Back to favorite topic, Egypt's leader blasts 'evil people'

In this handout photo provided by the Egyptian presidency, President Abdel-Fattah el-Sissi, addresses a youth meeting in the southern city of Aswan on Saturday, Jan. 28, 2017. Egypt’s president has returned to some of his favorite topics, angrily denouncing the “evil people” plotting against his country and questioning the ideology of Islamic militants waging an insurgency against his government. (Egyptian presidency via AP)

CAIRO — Returning to some of his favorite topics, Egypt's president on Saturday called on Egyptians to stand together against terrorism, angrily denounced the "evil people" plotting against his country and made a stern warning: There would be no comeback if Egypt fell to Islamic militants.

"Terrorism will not end unless we all stand together. Don't cover your eyes and pretend that it does not concern you," President Abdel-Fattah el-Sissi told participants on the second and final day of a youth conference in the southern city of Aswan. "If Egypt is lost, it will not come back. Those who fall in the abyss never come back."

"Did Afghanistan ever come back? Did Somalia ever come back? Why do you think we can come back?"

El-Sissi also sought to debunk a cornerstone of the ideology of militants: Those who don't agree with their radical interpretation of Islam or oppose their actions would burn in hell.

"Leave us alone to live our lives and you are welcome to go to heaven," he said, addressing the militants. "You tell us that we are not good people and we will go to hell. Fine, but God's hell is enough, there is no need for you to subject us to your hell as well."

A general-turned-president when elected by a landslide in 2014, el-Sissi was the chief architect of ambitious and politically risky economic reforms introduced last year to kick start the country's stagnant economy and secure a $12 billion loan from the IMF. The reforms included floating the local currency and steeply hiking the price of fuel, utilities and a wide range of other basic goods and services. The reforms sent inflation soaring to more than 20 percent, but there has been no tangible sign of popular unrest over economic hardships.

El-Sissi has also overseen the arrest of thousands of Islamists and hundreds of secular activists following the military's 2013 ouster, which he led, of Islamist president Mohammed Morsi of the now-banned Muslim Brotherhood. His military and police, meanwhile, are fighting an increasingly emboldened Islamic insurgency in the Sinai Peninsula as authorities steadily erode freedoms won by the 2011 popular uprising that toppled the regime of autocrat Hosni Mubarak.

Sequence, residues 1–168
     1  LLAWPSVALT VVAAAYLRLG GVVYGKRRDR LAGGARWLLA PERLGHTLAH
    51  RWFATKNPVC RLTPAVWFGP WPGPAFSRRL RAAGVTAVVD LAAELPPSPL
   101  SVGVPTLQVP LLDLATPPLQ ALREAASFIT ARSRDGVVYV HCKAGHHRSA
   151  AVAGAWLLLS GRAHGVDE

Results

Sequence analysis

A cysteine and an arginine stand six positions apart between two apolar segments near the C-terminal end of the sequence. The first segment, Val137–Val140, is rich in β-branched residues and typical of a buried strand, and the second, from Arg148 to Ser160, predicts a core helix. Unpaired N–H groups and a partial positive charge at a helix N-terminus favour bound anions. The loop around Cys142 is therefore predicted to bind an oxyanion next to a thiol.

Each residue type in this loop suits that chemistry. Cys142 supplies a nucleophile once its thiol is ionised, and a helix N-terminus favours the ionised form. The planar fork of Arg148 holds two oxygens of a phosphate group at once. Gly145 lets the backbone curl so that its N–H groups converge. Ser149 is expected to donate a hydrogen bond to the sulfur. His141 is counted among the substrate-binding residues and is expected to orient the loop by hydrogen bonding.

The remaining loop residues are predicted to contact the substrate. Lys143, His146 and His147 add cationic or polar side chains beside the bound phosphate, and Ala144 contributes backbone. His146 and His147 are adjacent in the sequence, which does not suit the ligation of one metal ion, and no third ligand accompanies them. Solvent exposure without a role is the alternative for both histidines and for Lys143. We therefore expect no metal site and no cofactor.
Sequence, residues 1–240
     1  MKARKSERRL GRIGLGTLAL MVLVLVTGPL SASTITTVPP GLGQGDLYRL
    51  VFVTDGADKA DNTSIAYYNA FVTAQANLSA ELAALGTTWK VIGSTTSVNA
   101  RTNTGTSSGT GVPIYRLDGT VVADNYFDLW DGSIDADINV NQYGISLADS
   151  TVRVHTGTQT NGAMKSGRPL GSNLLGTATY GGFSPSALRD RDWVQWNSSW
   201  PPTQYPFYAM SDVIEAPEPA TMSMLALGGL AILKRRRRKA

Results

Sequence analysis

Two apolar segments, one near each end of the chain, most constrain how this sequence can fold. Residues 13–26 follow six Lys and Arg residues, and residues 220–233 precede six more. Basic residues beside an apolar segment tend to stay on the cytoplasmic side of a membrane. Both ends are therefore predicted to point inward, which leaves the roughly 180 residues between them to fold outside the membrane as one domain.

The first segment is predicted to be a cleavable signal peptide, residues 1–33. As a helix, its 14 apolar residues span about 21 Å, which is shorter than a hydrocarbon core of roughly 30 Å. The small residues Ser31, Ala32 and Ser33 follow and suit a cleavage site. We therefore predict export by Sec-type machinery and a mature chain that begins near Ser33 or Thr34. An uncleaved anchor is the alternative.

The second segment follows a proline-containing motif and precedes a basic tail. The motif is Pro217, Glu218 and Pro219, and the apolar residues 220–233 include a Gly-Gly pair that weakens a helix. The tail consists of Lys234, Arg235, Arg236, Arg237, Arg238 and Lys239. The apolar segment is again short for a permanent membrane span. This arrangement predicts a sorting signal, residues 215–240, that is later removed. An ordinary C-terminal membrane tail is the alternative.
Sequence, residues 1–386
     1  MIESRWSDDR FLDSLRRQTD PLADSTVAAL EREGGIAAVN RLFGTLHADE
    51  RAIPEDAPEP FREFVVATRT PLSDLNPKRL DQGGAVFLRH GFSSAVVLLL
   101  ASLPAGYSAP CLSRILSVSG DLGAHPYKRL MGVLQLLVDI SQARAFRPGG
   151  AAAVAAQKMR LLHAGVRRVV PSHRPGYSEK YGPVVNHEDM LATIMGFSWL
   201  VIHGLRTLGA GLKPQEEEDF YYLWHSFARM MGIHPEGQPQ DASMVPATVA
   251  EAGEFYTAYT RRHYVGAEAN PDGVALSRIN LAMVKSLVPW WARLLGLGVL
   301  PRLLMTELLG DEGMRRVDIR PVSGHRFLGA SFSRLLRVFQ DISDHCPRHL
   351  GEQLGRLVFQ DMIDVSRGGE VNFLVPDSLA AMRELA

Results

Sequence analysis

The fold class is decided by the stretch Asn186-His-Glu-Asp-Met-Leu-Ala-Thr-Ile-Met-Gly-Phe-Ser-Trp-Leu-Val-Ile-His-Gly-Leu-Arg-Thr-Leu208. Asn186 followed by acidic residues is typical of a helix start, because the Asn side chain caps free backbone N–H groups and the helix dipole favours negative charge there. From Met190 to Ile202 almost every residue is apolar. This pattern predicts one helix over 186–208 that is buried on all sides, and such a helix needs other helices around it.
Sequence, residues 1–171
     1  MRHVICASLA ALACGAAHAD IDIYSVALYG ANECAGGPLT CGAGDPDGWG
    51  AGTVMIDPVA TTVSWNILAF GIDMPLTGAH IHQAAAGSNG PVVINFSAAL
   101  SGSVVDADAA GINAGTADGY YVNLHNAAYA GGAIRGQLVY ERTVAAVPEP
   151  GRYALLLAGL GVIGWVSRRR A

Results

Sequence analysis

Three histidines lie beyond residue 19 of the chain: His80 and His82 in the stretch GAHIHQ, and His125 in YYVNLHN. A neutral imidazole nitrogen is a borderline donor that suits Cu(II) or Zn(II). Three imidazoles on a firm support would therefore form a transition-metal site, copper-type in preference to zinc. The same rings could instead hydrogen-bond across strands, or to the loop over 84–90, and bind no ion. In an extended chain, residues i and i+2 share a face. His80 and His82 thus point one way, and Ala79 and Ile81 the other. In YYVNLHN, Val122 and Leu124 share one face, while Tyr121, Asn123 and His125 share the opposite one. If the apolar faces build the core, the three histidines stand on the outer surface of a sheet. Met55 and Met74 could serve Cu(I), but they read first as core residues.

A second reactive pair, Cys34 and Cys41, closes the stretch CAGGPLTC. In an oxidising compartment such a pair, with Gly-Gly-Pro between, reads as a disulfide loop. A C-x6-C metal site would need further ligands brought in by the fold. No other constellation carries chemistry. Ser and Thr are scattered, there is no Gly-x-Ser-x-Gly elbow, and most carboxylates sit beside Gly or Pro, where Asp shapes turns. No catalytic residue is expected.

El-Sissi said the Aswan meeting, the latest in a series with Egyptian youths, was meant to "counter" the evil people.

But with the next presidential election just 17 months away, these intensely publicized gatherings have enhanced his image to many Egyptians as a caring and compassionate leader devoted to bettering the lot of his 92 million people.

At times, el-Sissi tears up, becomes emotional or speaks at the top of his voice to make a point, a combination his critics have used to label him a populist or given to being melodramatic.

"Look here, all that I have and can offer is just one thing: Sincerity, honesty and honor," he said in one of Saturday's sessions. "Understand what I am saying, grasp it and pay attention because I have no interest except yours."

Also Saturday, el-Sissi spoke for the first time in months of the "evil people," an often repeated phrase widely interpreted as a reference to political Islam in general.

"May God shield us from the evil people, their plans and schemes to hurt us all and use us to prey on each other," he said, before he went to explain, albeit cryptically, of attempts to turn Egyptians against each other by exploiting the government's inability to provide jobs or adequate and reliable services because of its lack of funds.

"I wish someone will also tell you that we are poor, very, very poor," he said. "We will tell them that despite our poverty, we will move forward and grow."

Citing the case of Egypt's Nubians, an indigenous, Muslim but non-Arab community that mostly inhabits southern Egypt, he said authorities had to recently provide them with more services than they do elsewhere in the country following signs of unrest over the ownership of their ancestral lands.

"Yes, I did that because I discovered that someone is giving the people of Nubia the false impression that the state is neglecting them," el-Sissi said. "People of Nubia: We are all Egyptians ... even if we have to cut from our own flesh to give you, that will absolutely not be a problem."

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